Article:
So you have designed and built the website polishing down every single curve and corner for it to look as fabulous as it was originally intended. Then upload it to the server and … surprise! It just doesn’t look like on your local machine. After performing a thorough investigation on your endless CSS files you realise, that in fact all that has changed is… FONT. Sounds familiar?
Yes! The specifically for web design tailored font, that you have spent hours picking from the longer list than that of your ’all I want for Christmas is...’ has been replaced by the good old ’Arial’ or ’Times New Roma’.
How did it happen? The custom font you have installed was not carried over to the server together with the rest of the files. Once browser tries to load your site and finds unknown font which is not installed on that particular computer you are trying to test your site on, it replaces it with the default one, already mentioned above.
However, just as every problem in web design and development, this one has a pretty neat solution too. It is called:
This CSS technique allows you to load custom fonts directly from the server while rendering the page, hence displaying the website just as it was meant to.
Let’s start with the font formats. As there are multiple browsers currently widely used in the market it is inevitable there are various font formats used by them too. Just like Firefox and Internet Explorer using different syntax to render div opacity, browsers are using different default font types too.
There’s a list covering most of the current browsers:
• Internet Explorer (all versions): EOT
• Safari (3.2+): TTF / OTF
• iPhone (3.1) SVG
• Chrome (all versions): SVG (TTF/OTF added 25th Jan 2010)
• Firefox (3.5+): TTF/OTF (.WOFF added 3.6)
• Opera (10+) TTF/OTF
Looking down the list it becomes obvious that only two formats, in particular EOT (Embedded OpenType) and TTF (True Type Font) are required to cover most of the browsers. Of course for the sake of perfection, adding SVG (Scalable Vector Graphics) will keep you asleep at night. Though the latter one is very important if you are developing for the iPhone or iPad.
So how and where can we get all these types of fonts required to fulfil the need of cross-browser compatibility? To stir you the right way you can start with the following sites:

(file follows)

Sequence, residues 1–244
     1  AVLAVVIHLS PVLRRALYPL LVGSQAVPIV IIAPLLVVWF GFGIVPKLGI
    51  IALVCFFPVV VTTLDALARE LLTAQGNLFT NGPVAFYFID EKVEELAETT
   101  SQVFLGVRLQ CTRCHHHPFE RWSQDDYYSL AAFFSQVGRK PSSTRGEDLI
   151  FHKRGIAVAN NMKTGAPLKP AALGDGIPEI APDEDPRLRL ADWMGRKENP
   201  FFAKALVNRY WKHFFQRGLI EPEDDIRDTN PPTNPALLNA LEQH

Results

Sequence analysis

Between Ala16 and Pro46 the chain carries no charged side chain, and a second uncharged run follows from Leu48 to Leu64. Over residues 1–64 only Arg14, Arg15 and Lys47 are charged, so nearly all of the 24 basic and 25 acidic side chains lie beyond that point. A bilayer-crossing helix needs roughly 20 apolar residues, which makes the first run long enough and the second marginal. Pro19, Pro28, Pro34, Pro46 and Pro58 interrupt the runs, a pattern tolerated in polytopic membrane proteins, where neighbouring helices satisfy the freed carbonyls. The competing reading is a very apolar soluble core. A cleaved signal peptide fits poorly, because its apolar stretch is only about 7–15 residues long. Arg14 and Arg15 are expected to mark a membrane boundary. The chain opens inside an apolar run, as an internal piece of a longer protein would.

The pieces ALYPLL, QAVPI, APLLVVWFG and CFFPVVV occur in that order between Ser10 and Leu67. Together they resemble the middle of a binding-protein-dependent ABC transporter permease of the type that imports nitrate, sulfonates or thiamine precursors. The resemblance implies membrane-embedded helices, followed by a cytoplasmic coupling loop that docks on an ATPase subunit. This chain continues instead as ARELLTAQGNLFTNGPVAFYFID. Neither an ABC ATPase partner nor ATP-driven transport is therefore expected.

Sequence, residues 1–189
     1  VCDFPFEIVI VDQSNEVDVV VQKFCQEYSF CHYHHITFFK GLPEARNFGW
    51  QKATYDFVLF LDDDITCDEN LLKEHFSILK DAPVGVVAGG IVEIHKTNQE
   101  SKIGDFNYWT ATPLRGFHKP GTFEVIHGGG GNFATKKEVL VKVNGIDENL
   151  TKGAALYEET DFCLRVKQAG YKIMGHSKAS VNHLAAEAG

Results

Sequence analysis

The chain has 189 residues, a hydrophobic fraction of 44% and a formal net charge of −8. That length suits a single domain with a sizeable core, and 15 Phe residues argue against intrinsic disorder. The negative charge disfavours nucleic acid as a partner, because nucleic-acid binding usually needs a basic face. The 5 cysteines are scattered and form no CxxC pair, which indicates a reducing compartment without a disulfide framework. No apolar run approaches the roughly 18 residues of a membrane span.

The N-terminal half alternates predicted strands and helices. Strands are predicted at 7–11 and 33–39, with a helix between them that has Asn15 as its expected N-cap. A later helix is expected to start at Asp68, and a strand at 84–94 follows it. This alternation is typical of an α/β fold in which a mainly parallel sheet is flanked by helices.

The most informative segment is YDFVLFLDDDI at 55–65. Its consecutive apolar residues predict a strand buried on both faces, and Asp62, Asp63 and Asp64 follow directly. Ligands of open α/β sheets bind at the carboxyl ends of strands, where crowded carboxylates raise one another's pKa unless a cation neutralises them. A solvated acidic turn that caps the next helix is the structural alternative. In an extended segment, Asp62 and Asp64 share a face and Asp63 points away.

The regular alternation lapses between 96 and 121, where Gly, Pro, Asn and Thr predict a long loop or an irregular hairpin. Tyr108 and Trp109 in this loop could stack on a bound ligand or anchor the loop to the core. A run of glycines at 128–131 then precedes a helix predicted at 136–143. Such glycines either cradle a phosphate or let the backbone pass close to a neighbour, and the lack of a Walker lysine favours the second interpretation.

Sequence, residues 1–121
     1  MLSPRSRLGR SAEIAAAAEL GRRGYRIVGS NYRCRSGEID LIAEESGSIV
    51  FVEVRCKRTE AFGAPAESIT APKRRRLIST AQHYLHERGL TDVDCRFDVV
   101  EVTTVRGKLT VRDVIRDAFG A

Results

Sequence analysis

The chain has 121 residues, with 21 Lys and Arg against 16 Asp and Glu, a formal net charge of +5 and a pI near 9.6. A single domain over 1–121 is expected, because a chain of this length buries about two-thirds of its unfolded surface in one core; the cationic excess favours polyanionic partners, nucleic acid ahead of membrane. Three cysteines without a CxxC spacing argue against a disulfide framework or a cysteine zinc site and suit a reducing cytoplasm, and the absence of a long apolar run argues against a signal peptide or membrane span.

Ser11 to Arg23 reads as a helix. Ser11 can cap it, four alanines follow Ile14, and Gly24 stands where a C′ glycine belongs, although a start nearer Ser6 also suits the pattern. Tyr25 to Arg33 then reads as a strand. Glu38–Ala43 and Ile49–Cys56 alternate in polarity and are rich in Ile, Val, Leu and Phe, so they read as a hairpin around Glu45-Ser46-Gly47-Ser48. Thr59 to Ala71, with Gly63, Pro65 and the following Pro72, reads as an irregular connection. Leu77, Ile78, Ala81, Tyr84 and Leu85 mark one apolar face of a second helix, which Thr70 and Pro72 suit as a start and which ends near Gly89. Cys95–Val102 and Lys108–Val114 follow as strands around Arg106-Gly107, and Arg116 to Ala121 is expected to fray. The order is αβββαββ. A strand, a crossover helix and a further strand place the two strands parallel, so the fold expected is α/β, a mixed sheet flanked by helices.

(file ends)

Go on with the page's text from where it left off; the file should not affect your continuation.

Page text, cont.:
To make a good example lets pick ‘Gill Sans MT’ font from fontzone.net. If you have one of the newer Microsoft Office packages installed on your machine, most likely this font is already in your collection. However if that’s not the case, it will not look pretty.
So once the font is picked and downloaded (usually in TTF format) you will have to convert it to EOT (and SVG). To do so head to this fabulous web tool:
Note that in the downloaded folder you will find 5 different file formats. Should you wish you can add all of them, however EOT and TTF is more than sufficient to do the job right.
So let’s copy the font files in the directory called ‘FONTS’ in the root folder of your site and place the following code in your page’s CSS file:
One thing to remember is that the font-family name you have assigned while loading @font-face is to be used throughout entire CSS file. Also, please use your imagination and do not give the same font-family name as it is originally stored on your machine, such as ‘Gill Sans MT’ as in our sample.
Of course you can use the code from the very same downloaded archive which looks like this:
Though frankly this code did not work for me on some of the older firefox versions. Well it’s all down to testing afterall, so don’t forget to check it in as many browsers as possible.
So get coding and as usual, should you need any further information feel more than welcome to use the comments section below or contact us directly at firstname.lastname@example.org
///////////////////////////////////////UPDATED 4th February 2015/////////////////////////////////////
So far the best ’bulletproof’ version of @font-face that seems to cover the majority of browsers is this: